Mediterranean-Style Resort in the Southeastern Foothills of Catalina Island
Hiking and biking trails crisscross the mountains in southeastern Catalina Island, winding past rugged terrain speckled with St. Catherine’s lace and prickly-pear cacti. Many of these trails are just a short walk from Catalina Canyon Resort & Spa, a Mediterranean-style property overlooking the town of Avalon.
The private balconies of some guest rooms open to views of the mountains; others look out onto the resort’s heated pool, set in a courtyard shaded by towering palms. At the Spa at Catalina, you can enjoy a soothing treatment such as an organic seaweed body wrap administered in a candlelit room.
Catalina Island, California: Desert Foliage and Secluded Coves in the Pacific Ocean
The rocky Catalina Island is only about 22 miles southwest of Los Angeles, but it’s a world away from the crowded metropolis. For starters, there are hardly any cars here; golf carts are the preferred way to get around. Much of the island’s interior is unpopulated, home to a vast array of native desert foliage and wildlife. Visitors can hit the many secluded coves that dot the landscape for sunbathing or snorkeling in temperate waters among starfish, sea urchins, and bright-orange garibaldi. Travel + Leisure called these coves “ready-made for romance,” naming Catalina one of the world’s most romantic islands in 2010.
Much of Catalina Island is accessible only by challenging dirt trails, but you can see many of its endemic plants in town at the Wrigley Memorial & Botanic Garden. Some of the featured vegetation can only be found here, including wild tomato and rare Catalina mahogany. The memorial itself was designed to incorporate as much local material as possible, including quarried Catalina stones, blue flagstone rock from the harbor, and hand-painted tiles from a local pottery company.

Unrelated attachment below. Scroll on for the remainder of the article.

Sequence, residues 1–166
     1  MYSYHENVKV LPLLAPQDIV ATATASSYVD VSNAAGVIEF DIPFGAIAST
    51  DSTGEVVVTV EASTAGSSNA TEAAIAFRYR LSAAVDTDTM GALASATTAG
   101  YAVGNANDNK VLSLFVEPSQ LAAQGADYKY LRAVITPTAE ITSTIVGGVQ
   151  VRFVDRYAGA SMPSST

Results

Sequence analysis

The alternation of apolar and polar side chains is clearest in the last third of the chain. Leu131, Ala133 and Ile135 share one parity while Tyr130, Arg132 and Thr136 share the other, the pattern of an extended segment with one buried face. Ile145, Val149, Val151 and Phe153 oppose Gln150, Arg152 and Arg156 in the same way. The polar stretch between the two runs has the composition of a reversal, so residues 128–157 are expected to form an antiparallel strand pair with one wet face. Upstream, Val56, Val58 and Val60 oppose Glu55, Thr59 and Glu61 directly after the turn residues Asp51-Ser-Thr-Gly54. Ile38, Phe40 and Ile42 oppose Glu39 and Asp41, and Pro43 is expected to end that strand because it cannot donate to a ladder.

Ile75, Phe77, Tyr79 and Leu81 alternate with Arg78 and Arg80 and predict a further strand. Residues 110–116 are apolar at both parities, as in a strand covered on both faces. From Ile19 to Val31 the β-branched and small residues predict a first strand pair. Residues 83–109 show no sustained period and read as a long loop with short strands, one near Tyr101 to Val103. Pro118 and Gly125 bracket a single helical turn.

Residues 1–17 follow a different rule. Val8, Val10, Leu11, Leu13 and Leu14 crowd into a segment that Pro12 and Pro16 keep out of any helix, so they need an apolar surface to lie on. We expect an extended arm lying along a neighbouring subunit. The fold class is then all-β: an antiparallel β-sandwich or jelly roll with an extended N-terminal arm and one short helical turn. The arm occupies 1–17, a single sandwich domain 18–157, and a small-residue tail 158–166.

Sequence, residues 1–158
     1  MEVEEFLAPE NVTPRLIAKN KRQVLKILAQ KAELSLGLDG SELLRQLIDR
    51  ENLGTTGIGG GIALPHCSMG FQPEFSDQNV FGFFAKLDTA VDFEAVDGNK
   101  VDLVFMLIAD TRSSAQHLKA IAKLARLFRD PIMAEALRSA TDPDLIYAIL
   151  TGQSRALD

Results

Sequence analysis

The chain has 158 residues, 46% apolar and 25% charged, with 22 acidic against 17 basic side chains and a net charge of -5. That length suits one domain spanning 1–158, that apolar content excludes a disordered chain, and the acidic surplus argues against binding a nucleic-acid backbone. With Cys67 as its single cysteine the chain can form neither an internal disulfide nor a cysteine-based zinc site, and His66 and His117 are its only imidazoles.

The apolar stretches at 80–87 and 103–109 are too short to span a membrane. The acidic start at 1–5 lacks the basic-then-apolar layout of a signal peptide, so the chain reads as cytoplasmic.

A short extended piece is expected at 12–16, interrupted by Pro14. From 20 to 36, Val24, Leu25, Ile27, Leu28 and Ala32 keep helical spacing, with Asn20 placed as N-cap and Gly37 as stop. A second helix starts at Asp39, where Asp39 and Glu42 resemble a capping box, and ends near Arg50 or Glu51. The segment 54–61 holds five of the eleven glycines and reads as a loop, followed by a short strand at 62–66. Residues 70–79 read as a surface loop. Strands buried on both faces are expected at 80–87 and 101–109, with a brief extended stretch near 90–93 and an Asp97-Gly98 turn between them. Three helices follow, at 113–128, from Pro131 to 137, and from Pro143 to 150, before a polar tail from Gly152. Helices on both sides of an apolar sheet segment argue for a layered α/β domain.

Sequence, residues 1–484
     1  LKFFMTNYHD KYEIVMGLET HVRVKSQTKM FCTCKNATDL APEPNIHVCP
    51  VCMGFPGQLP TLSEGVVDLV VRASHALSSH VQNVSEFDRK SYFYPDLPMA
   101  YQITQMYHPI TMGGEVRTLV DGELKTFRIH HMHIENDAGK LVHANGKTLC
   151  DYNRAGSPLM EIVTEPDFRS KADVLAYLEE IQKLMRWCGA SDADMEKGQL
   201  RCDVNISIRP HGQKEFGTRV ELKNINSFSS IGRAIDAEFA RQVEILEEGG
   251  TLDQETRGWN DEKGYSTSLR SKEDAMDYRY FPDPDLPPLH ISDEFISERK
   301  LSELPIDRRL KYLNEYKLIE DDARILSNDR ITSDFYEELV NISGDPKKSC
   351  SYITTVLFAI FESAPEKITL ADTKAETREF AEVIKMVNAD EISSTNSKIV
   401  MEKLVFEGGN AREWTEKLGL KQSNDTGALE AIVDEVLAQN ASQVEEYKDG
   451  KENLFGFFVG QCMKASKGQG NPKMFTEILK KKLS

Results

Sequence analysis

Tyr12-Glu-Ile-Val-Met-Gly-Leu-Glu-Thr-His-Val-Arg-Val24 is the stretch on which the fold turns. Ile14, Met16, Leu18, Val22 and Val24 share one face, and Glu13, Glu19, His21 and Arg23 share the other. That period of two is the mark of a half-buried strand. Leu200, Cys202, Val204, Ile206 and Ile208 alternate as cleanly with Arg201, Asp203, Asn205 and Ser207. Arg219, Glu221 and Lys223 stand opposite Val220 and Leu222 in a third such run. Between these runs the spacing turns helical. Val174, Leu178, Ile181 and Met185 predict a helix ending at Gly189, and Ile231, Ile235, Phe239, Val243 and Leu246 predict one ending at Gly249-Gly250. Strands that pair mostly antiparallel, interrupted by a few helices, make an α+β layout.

You can get to the gardens by catching a taxi or tour bus from nearby Avalon, the island’s only major city. This small village, with a surrounding backdrop of steep, amphitheater-like hills, occupies only about 3% of the island. Still, it’s where most visitors spend the majority of their time, thanks to a popular beach, a lively harbor, and a surprising variety of restaurants. The most famous landmark here is the art-deco-style Casino building. Surrounded by the sea on three sides, the circular structure stands at the equivalent of 12 stories tall and houses an art gallery, a museum, and a theater.